بروز و تداوم فساد در توسعه اقتصادی
|کد مقاله||سال انتشار||مقاله انگلیسی||ترجمه فارسی||تعداد کلمات|
|13070||2006||21 صفحه PDF||سفارش دهید||9390 کلمه|
Publisher : Elsevier - Science Direct (الزویر - ساینس دایرکت)
Journal : Journal of Economic Dynamics and Control, Volume 30, Issue 12, December 2006, Pages 2447–2467
Economic development and bureaucratic corruption are determined jointly in a dynamic general equilibrium model of growth, bribery and tax evasion. Corruption arises from the incentives of public and private agents to conspire in the concealment of information from the government. These incentives depend on aggregate economic activity which, in turn, depends on the incidence of corruption. The model produces multiple development regimes, transition between which may or may not occur. In accordance with recent empirical evidence, the relationship between corruption and development is predicted to be negative.
Public sector corruption is pervasive throughout the world. In one form or another, and to a lesser or greater degree, it exists in all societies, at all stages of development and under all types of politico-economic regime. Over the past few years, the fight against corruption, particularly in developing countries, has become high on the agenda of various international organisations, such as the World Bank and IMF (e.g., Jain, 2001 and Rose-Ackerman, 1997). This has been motivated by a deepening belief that good quality governance is essential for sustained economic development. Recent innovations at the empirical level have allowed this belief to be tested, and there is now a large body of evidence to support it. By contrast, there remains relatively little by way of formal theoretical analysis that would lend rigour and precision to the arguments involved. Our objective in this paper is to provide such an analysis.1
نتیجه گیری انگلیسی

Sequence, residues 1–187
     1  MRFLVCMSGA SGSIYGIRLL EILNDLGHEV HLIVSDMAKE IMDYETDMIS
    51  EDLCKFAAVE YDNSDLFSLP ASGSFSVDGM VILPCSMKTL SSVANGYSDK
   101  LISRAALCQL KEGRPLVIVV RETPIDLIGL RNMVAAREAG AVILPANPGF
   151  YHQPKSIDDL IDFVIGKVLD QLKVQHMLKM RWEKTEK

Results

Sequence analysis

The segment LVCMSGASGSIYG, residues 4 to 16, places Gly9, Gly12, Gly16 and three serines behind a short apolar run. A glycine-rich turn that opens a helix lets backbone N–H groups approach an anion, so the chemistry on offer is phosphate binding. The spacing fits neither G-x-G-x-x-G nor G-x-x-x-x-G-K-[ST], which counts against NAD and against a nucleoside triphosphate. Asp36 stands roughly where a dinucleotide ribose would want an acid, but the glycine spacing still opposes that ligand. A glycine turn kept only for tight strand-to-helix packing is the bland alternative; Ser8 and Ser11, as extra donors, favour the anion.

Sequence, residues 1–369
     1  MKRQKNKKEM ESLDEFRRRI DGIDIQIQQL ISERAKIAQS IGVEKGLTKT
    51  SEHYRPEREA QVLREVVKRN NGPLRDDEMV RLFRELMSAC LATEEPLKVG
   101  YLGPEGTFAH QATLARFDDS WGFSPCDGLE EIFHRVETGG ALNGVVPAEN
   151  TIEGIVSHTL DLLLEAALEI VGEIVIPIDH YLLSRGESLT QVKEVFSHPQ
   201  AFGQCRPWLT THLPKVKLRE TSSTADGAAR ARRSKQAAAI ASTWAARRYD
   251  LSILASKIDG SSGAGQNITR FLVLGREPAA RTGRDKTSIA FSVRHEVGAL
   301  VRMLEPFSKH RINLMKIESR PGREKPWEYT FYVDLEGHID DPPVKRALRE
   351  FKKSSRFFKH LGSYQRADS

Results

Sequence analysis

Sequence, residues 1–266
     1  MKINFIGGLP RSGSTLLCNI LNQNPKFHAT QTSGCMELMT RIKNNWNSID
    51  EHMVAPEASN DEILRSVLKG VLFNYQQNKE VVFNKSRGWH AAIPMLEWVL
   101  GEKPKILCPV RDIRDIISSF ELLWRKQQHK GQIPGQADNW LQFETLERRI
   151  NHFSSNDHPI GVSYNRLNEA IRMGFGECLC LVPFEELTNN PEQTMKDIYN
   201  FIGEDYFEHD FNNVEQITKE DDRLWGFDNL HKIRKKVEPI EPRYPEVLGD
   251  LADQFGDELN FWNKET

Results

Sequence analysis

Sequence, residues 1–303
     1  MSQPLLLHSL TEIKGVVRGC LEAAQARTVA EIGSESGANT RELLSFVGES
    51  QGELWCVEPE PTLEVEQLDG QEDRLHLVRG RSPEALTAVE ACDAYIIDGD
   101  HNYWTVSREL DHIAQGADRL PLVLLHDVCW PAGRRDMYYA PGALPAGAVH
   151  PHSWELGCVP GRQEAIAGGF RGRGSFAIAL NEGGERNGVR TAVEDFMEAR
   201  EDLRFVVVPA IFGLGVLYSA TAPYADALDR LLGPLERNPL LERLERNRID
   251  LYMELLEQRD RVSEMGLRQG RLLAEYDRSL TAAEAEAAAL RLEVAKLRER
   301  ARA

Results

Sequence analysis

Corruption can occur on various scales, in many shapes and forms, and at all levels within public office. Corruption can affect the allocation of resources, the process of growth and the distribution of income in an economy. These observations are not new, but they have only recently become the subject of systematic, formal investigation using modern techniques of theoretical and empirical analysis. As a result of this, economists are gaining a much better understanding of the causes and consequences, incidence and importance, of corrupt behaviour within society's public institutions. This paper has focused on corruption among public bureaucrats and the implications of this for economic development. Our analysis incorporates the essential features that government intervention requires public officials to gather information and administer policies, and that at least some of these officials are corruptible in the sense of being willing to misrepresent information at the right price. These features reflect the three main conditions for any type of corruption to occur – namely, that there is a delegation of authority from a principal to an agent, that this authority can be exploited to capture economic rents, and that these rents are large enough to motivate pursuit of them. Of course, to the extent that bribes are merely transfer payments from some individuals to others, corruption need not impose any net social costs. As with any illegal activity, however, at least some resources will be spent on trying to conceal rent-seeking behaviour. To the extent that these resources could have been devoted to more productive activities, then such behaviour will result in lower investment and lower capital accumulation. This is the mechanism by which corruption affects development in our model. At the same time, the incentives to be corrupt are likely to change with changes in economic circumstances. As growth takes place and incomes rise, agents will stand to lose more if they are caught engaging in corrupt practices which therefore become less attractive to them. This is the mechanism by which development affects corruption in the model. The upshot is that both corruption and development are determined endogenously through a relationship that is negative and two-way causal. The first property is consistent with all recent empirical evidence and accords with the majority view among development experts that corruption is bad for growth. The second property is notable in two other main respects which are worth reflecting upon.